Desflurane (Inhalation route)
Uses of This Medicine:
Desflurane belongs to the group of medicines known as general anesthetics. Desflurane is used to cause general anesthesia (loss of consciousness) before and during surgery. It is breathed in (inhaled). Although desflurane can be used by itself, combinations of anesthetics are often used together. This helps produce more effective anesthesia in some patients.
General anesthetics are given only by or under the immediate supervision of a medical doctor trained to use them. If you will be receiving a general anesthetic during surgery, your doctor will give you the medicine and closely follow your progress.
Before Using This Medicine:
In deciding to use a medicine, the risks of taking the medicine must be weighed against the good it will do. This is a decision you and your doctor will make. For this medicine, the following should be considered:
Tell your doctor if you have ever had any unusual or allergic reaction to this medicine or any other medicines. Also tell your health care professional if you have any other types of allergies, such as to foods, dyes, preservatives, or animals. For non-prescription products, read the label or package ingredients carefully.
Desflurane has been tested in children. It is not used to start anesthesia in children who are awake because it causes irritation and other unwanted effects. However, when it is used to continue general anesthesia that has been started with another anesthetic, desflurane does not cause different side effects or problems in children than it does in adults.
Desflurane has been tested and has not been shown to cause different side effects or problems in older people than it does in younger adults. However, older people usually need smaller amounts of an anesthetic than younger people. Your doctor will take your age into account when deciding on the right amount of desflurane for you.
|All Trimesters||B||Animal studies have revealed no evidence of harm to the fetus, however, there are no adequate studies in pregnant women OR animal studies have shown an adverse effect, but adequate studies in pregnant women have failed to demonstrate a risk to the fetus.|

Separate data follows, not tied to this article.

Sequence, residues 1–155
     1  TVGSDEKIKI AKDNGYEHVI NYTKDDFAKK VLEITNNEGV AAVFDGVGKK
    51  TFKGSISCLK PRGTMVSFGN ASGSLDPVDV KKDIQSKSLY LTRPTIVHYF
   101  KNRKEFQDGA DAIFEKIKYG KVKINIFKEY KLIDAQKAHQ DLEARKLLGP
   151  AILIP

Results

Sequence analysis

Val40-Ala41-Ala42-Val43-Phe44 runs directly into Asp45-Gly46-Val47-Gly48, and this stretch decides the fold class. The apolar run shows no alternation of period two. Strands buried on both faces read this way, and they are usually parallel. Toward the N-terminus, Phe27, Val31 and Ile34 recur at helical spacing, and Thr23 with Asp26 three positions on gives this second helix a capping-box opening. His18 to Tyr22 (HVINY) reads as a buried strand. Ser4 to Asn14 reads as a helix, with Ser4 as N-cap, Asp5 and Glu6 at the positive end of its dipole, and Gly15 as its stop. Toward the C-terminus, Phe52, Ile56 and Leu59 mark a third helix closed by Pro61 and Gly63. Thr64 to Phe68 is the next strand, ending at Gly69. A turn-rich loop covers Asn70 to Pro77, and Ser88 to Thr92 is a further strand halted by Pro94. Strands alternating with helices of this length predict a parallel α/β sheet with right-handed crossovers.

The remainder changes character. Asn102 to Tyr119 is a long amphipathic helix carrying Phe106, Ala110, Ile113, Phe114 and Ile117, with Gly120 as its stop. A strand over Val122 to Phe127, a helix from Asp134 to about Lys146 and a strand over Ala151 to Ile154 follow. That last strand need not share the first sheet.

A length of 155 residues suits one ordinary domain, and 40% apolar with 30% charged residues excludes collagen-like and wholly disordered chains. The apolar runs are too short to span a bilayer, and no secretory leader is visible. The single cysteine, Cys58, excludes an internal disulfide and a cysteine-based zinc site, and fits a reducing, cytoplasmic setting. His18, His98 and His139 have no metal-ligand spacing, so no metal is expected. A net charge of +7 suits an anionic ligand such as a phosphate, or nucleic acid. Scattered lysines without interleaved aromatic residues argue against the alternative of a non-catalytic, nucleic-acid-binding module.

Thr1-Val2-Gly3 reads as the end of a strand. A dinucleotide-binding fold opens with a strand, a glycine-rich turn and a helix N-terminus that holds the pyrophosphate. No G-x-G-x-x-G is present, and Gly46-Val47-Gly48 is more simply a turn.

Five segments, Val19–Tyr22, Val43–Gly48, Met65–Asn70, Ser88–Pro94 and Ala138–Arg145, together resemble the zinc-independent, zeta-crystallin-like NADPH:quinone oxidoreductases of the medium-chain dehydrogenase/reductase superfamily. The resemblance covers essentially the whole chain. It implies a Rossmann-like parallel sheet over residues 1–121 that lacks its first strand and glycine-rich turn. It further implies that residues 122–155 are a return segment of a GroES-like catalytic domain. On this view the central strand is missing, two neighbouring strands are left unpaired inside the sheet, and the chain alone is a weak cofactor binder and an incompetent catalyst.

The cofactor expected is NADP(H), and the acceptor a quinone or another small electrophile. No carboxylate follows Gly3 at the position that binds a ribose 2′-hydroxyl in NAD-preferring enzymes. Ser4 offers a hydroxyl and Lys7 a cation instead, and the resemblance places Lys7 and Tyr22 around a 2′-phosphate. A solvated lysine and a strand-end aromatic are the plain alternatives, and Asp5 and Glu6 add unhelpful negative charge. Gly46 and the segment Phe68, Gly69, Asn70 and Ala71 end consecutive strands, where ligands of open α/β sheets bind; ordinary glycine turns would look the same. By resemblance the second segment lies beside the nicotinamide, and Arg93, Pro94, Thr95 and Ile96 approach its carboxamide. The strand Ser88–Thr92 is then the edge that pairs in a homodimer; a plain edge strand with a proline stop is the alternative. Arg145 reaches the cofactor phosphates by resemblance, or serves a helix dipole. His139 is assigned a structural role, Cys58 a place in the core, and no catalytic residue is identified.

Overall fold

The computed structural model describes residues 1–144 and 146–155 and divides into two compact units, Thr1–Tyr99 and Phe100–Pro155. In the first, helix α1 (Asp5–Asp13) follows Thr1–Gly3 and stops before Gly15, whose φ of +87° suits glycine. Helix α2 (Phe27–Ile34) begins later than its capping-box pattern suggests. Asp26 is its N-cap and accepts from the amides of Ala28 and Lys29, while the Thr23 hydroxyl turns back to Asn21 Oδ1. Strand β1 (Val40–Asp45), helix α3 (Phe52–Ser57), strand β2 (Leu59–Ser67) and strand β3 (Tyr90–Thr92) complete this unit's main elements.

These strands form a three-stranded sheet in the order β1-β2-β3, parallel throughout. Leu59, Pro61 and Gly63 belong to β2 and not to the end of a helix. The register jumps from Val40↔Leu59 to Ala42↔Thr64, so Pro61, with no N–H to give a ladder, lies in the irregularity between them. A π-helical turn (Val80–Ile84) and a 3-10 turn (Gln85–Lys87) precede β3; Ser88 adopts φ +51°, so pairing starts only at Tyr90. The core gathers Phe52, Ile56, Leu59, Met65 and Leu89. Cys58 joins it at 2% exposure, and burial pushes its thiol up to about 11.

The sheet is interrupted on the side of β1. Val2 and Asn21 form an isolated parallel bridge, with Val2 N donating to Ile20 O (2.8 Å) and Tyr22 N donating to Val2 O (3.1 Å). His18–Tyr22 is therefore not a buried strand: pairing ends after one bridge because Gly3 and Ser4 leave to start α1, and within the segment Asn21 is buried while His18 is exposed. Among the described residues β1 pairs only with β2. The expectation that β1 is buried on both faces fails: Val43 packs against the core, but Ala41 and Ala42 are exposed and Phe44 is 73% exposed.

There are no adequate studies in women for determining infant risk when using this medication during breastfeeding. Weigh the potential benefits against the potential risks before taking this medication while breastfeeding.
Although certain medicines should not be used together at all, in other cases two different medicines may be used together even if an interaction might occur. In these cases, your doctor may want to change the dose, or other precautions may be necessary. When you are receiving this medicine, it is especially important that your healthcare professional know if you are taking any of the medicines listed below. The following interactions have been selected on the basis of their potential significance and are not necessarily all-inclusive.
Using this medicine with any of the following medicines is usually not recommended, but may be required in some cases. If both medicines are prescribed together, your doctor may change the dose or how often you use one or both of the medicines.
- Nitrous Oxide
- St John's Wort
Certain medicines should not be used at or around the time of eating food or eating certain types of food since interactions may occur. Using alcohol or tobacco with certain medicines may also cause interactions to occur. Discuss with your healthcare professional the use of your medicine with food, alcohol, or tobacco.
Other medical problems—
The presence of other medical problems may affect the use of this medicine. Make sure you tell your doctor if you have any other medical problems, especially: